This is all rendered in a subtle and delightful sage green. I’m a fan of green, so I find this color particularly beautiful and compellingly different from other greens on the market. That said, it’s certainly on the softer side. It’s not an assertive, attention-grabbing green, but rather an understated and modest one. This actually highlights something quite interesting about the Type 8. While being a high-end and exotic watch, it’s also reserved, in its own way.

In terms of reading the dial, while it might seem so different as to be confusing, it really only takes a little to get used to. It’s really just a regulator at heart. Yes, the hour moves around, but you find it instantly and read it as you would any other watch. What the dial really provides is a different and novel experience. It’s always in flux, so it’s a little different every time you look down. You either enjoy that or you don’t.

And that brings me to what wearing the Type 8S for a little while is actually like. Simply, it’s different but enjoyable. It’s unlike any other watch I’ve worn, which is almost a reason to exist unto itself. From the unique dial to the futuristic, double-domed case, nothing about the Type 8 is like what I’m used to. As such, it takes a little getting used to.


The case shape and how light it is, in particular, as the stiffness of the strap actually made it levitate off my wrist at first, like a little UFO. As the strap broke in a bit, that calmed down, but it never really felt quite like a typical watch as the midline, where the top and bottom domes meet, is always above the surface of your wrist. All part of the futuristic appeal, I suppose.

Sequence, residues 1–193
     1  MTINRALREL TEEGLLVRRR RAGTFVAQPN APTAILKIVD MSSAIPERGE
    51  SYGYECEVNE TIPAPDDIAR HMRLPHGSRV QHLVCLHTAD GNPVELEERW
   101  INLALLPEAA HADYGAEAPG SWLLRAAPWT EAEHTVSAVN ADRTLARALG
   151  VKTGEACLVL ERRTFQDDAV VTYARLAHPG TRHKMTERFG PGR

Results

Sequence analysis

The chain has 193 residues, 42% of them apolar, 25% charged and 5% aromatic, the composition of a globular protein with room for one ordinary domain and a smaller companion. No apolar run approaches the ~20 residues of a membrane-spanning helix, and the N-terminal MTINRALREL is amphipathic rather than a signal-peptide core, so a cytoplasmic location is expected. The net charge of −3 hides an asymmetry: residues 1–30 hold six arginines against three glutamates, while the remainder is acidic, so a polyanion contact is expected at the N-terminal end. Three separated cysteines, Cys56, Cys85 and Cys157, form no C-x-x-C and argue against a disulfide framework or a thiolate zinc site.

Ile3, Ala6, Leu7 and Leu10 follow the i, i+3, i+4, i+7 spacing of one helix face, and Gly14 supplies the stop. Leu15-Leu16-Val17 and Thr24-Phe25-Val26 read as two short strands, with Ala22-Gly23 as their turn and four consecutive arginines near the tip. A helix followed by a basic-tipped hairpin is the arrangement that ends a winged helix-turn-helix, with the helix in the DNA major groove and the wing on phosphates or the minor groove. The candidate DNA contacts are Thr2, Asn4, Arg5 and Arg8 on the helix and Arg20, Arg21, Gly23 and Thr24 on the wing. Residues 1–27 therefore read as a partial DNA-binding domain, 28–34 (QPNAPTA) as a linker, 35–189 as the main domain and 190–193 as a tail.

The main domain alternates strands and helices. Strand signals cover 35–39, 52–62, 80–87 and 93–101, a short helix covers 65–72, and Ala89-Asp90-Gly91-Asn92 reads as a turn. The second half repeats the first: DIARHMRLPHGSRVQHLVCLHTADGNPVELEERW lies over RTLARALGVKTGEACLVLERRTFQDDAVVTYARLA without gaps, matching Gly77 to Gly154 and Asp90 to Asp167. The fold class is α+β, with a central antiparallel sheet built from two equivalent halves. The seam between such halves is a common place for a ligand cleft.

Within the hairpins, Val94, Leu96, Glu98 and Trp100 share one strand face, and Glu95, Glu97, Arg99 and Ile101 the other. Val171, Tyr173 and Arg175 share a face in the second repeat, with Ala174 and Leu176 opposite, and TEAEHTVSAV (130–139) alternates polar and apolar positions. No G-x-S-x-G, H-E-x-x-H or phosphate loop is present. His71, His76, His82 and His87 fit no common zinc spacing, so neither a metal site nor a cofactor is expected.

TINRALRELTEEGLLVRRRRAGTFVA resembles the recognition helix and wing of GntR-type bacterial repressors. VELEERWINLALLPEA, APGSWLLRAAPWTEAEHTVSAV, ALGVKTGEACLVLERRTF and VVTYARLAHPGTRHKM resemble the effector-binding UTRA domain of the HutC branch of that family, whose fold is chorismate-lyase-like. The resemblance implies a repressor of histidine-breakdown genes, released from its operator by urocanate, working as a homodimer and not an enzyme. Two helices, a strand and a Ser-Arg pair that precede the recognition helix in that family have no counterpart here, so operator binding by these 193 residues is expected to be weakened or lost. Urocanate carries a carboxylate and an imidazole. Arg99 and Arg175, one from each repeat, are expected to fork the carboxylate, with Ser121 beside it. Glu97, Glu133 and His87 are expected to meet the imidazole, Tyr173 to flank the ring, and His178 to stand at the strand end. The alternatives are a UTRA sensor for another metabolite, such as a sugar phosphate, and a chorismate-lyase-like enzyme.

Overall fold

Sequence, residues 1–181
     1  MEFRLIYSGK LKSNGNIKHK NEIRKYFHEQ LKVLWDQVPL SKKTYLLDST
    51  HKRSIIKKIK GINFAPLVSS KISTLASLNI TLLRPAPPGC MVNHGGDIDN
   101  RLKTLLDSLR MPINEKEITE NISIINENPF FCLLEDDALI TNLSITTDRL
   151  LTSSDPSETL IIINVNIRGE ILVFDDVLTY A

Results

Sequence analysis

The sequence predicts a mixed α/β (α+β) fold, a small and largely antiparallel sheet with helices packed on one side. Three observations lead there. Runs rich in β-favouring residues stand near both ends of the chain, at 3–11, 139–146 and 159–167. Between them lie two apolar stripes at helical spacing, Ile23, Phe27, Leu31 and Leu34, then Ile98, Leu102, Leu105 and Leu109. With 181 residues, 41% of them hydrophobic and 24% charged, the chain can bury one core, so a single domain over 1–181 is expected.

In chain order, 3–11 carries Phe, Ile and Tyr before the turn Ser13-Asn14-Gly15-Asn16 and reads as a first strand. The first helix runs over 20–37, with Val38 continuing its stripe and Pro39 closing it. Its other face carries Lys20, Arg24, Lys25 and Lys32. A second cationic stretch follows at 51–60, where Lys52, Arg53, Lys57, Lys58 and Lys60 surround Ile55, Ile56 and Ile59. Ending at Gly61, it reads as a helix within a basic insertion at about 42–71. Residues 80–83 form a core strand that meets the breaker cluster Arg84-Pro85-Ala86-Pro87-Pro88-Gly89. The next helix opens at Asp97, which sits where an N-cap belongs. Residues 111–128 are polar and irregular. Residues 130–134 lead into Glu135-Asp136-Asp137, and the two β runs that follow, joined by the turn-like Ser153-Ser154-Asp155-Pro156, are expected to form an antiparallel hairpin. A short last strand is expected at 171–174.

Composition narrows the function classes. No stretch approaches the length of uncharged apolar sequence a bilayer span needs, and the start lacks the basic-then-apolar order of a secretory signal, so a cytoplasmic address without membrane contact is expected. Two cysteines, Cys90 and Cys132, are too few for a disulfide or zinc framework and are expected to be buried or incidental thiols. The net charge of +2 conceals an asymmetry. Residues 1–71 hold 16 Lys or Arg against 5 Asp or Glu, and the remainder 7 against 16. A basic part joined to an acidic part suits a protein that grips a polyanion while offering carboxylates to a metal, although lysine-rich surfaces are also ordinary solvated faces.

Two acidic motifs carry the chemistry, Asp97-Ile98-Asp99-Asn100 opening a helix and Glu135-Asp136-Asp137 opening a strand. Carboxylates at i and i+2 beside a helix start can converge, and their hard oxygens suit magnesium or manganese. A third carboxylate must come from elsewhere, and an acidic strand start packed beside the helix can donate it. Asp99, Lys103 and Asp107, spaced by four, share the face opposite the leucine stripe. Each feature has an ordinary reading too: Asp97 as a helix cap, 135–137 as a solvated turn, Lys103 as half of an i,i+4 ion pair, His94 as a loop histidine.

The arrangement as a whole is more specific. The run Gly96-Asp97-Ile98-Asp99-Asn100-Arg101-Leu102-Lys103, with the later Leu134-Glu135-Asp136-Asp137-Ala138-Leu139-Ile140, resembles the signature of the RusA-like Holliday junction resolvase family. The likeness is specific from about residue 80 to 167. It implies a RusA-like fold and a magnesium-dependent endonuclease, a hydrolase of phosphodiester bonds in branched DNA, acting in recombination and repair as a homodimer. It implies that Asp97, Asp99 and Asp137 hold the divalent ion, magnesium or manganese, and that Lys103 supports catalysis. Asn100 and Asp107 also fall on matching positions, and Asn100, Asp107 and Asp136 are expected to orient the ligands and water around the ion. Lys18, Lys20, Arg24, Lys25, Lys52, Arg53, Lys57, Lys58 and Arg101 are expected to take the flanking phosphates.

The dial is just gorgeous in practice. It’s huge, and lovely to look at. Minimal (there, I said it) but dynamic, as it’s ever-shifting. The color, to my eyes at least, is just bliss. It’s a soothing hue, which when coupled with the lack of visible motion is almost a calming, meditative experience. And, obviously, it just doesn’t look like anything else. The more I am in this hobby/obsession, the more I look for new experiences in my watches and the Type 8 provides.

The design comes together to be aesthetically pleasing – if you’re into it in the first place. Clearly, I am in that camp. Though lacking in any of the classical cues or proportions I am so used to on wristwatches, its clean, flowing lines, muted tones, and cautious use of markings gave it a style that did resonate with my own. It’s a watch I would wear practically for work and normal day-to-day life. It would also be a fun accent to more formal attire, though it would stand out more in that context. The only times I wouldn’t wear it would be when a tool or sport watch is better suited given the low water resistance, and, frankly, price.

Which is as good of a time as any to broach the topic. While the Type 8 represents the entry into the world of Ressence, it is still $14,500. And, I suppose the biggest question might be, well, why? Many similarly priced watches have highly decorated, in-house movements, complications, or perhaps even a touch of gold (less common, admittedly). The Type 8 is a well-finished watch, but there is also nothing special about the level of case or dial finishing. There is no movement to see, and the one that is there does have an ETA 2892 base, which has admittedly been very highly modified and built upon.